Excerpt from Hollywood Lied
Novel by Iris Carden
Hollywood had told us what to expect. So much so, that when it really happened, we didn’t recognise it at first. Hollywood lied. The zombie apocalypse wasn’t about people constantly running from place to place, trying to avoid being bitten or eaten by ravenous monsters. Society didn’t collapse, it just metamorphosed.
It started with the flu pandemic. Bird flu and swine flu had been bad, but the panic about Ebola had been so out-of-proportion to the reality everywhere but west Africa, that everyone was well and truly tired of panics about the latest superbug. So the warnings about the expected new flu that everyone was urged to be immunised against, were pretty much ignored. Besides, it was only the flu, right?
Then Mary Elizabeth Marsdensen reported into the hospital dead, having contracted the flu at about the time she returned from an overseas holiday.
As it turned out, the vaccinations weren’t any good against what this flu mutated into anyway. Nobody had been prepared for zombie flu. That’s what we came to call it. Scientifically it was H3N5+, but we all called it Zombie Flu, or Zedflu. Droplets from a cough or a sneeze were enough to cause infection. Someone next to you in the street could cough, and kill you days later, and then we found out there were worse things than death.
People got sick with the flu, really sick. They started with the migraine to end all migraines. Really, it was the flu virus taking over and making its home in the brain. Antivirals didn’t help. The next symptom was incredible fatigue, joint pain, and then a horrible rattling cough producing copious amounts of mucus. Most victims died from respiratory or other complications. Then, about 36 hours later, they got up and started moving around again.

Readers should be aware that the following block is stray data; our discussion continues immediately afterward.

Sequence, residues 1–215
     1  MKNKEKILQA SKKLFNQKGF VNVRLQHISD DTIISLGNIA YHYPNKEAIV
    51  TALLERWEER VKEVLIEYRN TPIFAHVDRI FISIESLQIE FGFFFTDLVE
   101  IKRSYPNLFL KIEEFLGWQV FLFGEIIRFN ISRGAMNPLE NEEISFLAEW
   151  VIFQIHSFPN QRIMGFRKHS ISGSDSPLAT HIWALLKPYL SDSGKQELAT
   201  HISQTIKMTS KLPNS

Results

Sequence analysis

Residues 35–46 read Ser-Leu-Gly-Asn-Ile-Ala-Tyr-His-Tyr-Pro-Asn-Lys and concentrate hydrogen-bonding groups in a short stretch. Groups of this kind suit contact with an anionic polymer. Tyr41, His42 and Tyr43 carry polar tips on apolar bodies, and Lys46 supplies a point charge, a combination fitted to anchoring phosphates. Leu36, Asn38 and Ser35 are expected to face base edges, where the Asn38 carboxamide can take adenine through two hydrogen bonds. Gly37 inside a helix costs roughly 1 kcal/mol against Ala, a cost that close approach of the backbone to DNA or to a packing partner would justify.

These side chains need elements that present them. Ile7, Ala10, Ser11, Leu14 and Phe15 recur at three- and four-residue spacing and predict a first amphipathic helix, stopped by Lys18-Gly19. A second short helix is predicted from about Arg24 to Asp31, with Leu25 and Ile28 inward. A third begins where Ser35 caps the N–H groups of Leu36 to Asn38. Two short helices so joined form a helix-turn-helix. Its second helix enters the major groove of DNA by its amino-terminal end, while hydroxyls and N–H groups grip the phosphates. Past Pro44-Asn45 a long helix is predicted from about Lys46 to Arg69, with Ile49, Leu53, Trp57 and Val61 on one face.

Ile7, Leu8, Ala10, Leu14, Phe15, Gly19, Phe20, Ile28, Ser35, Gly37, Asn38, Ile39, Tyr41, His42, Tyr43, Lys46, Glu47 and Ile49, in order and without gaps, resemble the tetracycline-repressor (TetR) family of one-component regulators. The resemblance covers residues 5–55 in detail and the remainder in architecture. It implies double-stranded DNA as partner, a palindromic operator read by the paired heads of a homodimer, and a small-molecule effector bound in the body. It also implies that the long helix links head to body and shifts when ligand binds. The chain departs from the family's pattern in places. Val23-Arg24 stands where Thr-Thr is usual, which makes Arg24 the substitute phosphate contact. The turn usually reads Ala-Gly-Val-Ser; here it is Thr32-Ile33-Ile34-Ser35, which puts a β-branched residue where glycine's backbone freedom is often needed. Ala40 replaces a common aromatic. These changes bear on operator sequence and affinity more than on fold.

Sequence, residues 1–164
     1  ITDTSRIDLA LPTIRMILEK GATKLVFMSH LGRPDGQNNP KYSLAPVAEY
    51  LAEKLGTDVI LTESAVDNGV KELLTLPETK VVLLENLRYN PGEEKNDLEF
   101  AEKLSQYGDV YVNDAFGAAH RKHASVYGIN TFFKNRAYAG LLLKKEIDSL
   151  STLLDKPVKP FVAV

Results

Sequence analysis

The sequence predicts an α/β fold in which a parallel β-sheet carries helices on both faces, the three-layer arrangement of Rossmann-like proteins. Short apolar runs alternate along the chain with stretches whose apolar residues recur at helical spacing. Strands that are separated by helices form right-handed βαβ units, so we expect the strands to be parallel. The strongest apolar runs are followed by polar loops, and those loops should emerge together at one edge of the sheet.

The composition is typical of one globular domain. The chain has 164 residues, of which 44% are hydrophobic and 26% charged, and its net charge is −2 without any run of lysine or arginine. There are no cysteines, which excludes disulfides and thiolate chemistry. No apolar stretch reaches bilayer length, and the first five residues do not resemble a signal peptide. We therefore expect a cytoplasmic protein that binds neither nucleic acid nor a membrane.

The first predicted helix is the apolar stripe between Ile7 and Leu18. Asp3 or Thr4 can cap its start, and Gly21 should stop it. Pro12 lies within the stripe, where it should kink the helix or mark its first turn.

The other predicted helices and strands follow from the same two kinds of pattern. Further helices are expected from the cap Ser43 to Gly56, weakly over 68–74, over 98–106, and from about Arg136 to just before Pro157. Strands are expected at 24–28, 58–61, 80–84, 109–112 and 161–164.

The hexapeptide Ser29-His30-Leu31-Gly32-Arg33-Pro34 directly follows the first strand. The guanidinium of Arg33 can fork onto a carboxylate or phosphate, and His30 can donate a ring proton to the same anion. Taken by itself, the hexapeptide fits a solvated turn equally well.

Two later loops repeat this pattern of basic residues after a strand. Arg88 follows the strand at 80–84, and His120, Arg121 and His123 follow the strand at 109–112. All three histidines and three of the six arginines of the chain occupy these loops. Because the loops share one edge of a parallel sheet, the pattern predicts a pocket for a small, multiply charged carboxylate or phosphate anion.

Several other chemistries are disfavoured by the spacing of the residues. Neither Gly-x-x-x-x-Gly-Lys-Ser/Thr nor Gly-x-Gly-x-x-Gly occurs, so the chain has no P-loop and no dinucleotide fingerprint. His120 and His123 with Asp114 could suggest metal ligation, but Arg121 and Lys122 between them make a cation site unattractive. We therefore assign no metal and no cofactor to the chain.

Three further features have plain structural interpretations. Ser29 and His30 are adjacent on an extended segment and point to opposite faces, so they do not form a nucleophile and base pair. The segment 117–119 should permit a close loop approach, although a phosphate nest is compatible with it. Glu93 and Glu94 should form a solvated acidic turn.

People the virus had started to attack were infectious from when the cough started, up until death, and beyond. They were infectious when they were still just normal people with a cough, still your sister, your brother, your neighbour, your boss, the woman next to you at the checkout line.
It started with Mary Elizabeth Marsdensen, but it spread fast. Within days, there were cases reported all over the world. Scientists posited that she had probably spread the flu around the Brisbane International Airport when she returned from her holiday – thereby giving it to people who were going to almost every place on earth. There’s nothing a pandemic loves more than international travel.
Pandemics also love hospitals, full of people with weakened immune systems, that are taken by surprise. By the time the Brisbane Hospital got control of things and stopped the spread of the virus within the hospital – almost half the staff and patients had succumbed to Zedflu. From the hospital, to staff members’ families and friends and schools and hobbies, it took a very firm hold in our city, very quickly.
At first, the deadheads were treated as medical miracles, people who were alive, but shouldn’t be. They were locked in padded rooms, and doctors discussed how to treat the mental illness that came with resurrection.